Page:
• 1 Charles Dickens Museum, 48 Doughty St, Bloomsbury, +44 20 7405-2127, fax: +44 20 7831-5175. Tu-Sa 10AM-5PM, last admission 4:30PM (and M in Dec). First editions, original manuscripts, original letters by Dickens, and many personal items owned by Dickens and his family. Adult £9.50, student or senior £7.50, children £4.50 (under 6 free). Charles Dickens Museum (Q2723633) on Wikidata Charles Dickens Museum on Wikipedia
  • 6 Old Curiosity Shop, 13-14 Portsmouth St, WC2A 2ES. This shop and the Clare Market were immortalised by Dickens. It is now a shoe shop. Clare Market (Q5126201) on Wikidata Clare Market on Wikipedia

He is buried in Poets' Corner (see below.)

Other writers[edit]

  • The Bloomsbury Group (Bloomsbury Set), London/Bloomsbury. A group of English writers, intellectuals, philosophers and artists in the first half of the 20th century, that included Virginia Woolf, John Maynard Keynes, E.M. Forster and Lytton Strachey. They lived, worked or studied together near Bloomsbury. Their works and outlook deeply influenced literature, aesthetics, criticism, and economics as well as modern attitudes towards feminism, pacifism, and sexuality. Bloomsbury Group (Q603529) on Wikidata Bloomsbury Group on Wikipedia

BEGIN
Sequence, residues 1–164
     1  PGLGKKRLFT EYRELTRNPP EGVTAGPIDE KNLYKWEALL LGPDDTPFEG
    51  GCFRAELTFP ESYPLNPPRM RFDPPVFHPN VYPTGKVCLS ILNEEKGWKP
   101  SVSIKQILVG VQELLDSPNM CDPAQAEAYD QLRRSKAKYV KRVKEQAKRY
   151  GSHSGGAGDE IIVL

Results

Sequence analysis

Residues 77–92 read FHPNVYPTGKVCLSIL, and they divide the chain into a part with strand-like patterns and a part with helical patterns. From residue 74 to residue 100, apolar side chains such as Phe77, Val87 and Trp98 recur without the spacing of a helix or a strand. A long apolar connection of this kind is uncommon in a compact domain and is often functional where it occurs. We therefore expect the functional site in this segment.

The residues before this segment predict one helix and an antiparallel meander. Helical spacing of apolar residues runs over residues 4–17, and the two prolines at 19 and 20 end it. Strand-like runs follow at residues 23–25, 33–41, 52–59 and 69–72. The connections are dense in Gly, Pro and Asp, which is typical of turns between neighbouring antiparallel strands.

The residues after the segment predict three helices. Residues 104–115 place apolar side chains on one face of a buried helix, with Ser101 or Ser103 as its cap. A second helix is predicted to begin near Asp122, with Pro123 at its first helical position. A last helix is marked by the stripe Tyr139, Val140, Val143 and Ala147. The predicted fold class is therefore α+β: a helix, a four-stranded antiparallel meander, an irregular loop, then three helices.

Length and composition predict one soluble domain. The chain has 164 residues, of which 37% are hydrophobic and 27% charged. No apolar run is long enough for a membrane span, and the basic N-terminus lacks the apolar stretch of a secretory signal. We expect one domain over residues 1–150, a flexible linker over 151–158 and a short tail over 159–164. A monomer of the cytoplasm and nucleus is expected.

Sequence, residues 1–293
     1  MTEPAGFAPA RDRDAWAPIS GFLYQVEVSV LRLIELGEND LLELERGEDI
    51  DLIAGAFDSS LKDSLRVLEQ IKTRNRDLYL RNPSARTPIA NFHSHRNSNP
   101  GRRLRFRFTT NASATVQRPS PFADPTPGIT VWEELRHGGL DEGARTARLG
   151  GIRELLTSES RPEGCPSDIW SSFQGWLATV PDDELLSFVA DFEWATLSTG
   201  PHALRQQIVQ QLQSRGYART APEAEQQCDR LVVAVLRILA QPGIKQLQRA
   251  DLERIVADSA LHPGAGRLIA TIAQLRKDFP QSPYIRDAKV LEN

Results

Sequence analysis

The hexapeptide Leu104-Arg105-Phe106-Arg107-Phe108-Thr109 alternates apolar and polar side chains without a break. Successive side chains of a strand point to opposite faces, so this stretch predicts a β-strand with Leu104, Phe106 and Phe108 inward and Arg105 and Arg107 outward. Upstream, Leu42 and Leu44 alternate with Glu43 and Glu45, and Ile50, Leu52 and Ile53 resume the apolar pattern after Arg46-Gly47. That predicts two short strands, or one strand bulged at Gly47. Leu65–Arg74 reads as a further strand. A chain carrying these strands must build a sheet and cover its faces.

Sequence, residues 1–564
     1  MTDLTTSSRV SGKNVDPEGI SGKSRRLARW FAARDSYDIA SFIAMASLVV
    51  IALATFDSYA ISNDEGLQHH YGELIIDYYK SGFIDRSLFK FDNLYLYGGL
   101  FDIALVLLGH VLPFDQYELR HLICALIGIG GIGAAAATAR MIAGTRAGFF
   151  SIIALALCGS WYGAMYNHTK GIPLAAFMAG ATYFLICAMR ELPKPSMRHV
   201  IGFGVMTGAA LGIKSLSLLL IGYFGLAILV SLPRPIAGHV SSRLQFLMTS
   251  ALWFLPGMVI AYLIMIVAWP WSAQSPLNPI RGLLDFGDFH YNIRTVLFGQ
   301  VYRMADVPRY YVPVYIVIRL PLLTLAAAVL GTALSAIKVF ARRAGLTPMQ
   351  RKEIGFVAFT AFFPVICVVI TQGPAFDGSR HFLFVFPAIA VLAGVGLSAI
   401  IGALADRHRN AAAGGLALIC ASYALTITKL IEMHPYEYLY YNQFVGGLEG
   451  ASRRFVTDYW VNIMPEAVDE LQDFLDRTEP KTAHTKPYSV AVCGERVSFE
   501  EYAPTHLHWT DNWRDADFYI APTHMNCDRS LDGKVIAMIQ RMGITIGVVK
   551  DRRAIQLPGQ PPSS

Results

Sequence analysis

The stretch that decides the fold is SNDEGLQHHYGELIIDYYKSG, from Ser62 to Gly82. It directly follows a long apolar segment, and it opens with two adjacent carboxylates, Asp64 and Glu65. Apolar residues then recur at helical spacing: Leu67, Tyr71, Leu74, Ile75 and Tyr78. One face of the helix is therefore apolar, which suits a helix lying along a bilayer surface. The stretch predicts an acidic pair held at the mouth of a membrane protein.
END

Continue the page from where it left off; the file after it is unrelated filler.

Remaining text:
221B Baker Street, London - Sherlock Holmes Museum.jpg
  • 7 Sir Arthur Conan Doyle (Sherlock Holmes Museum), 221b Baker Street. Daily 9:30AM-6PM (last admission 5:30PM). A privately run museum dedicated to the fictional detective Sherlock Holmes. The museum exhibits items from several different adaptations of Sherlock Holmes, and recreations of scenes from the 1984 Granada Television series Sherlock Holmes. Adult £15, child £10 (under 16). Sherlock Holmes Museum (Q1990172) on Wikidata Sherlock Holmes Museum on Wikipedia
  • 8 Samuel Johnson (Dr Johnson's House), 17 Gough Square, just off Fleet Street. Oct-Apr: M-Sa 11AM-5PM, May-Sep: M-Sa 11AM-5:30PM. This fine Georgian house is where Dr Johnson compiled his great Dictionary of the English Language. He is buried in Poets' Corner (see below.) Adult £7.00, student £6.00, child £3.50 (age 5-17), family £15.00 (two adults and accompanying children), under 5s free. Dr Johnson's House (Q5304210) on Wikidata Dr Johnson's House on Wikipedia
  • 9 John Keats (Keat's House Museum), 10 Keats Grove, Hampstead, NW3 2RR (London Overground Hampstead Heath station is a 3- to 5-minute walk away). W-Su 11AM-5PM. Explore the life and work of Keats through exhibits of his original manuscripts and artefacts which tell the story of how he found inspiration, friendship, and love in this Regency villa. His memorial is in Poets' Corner (see below.) Adults £7.50, seniors and students £4.50, children 18 and under free, National Trust Members: £3.75. Keats House (Q6382345) on Wikidata Keats House on Wikipedia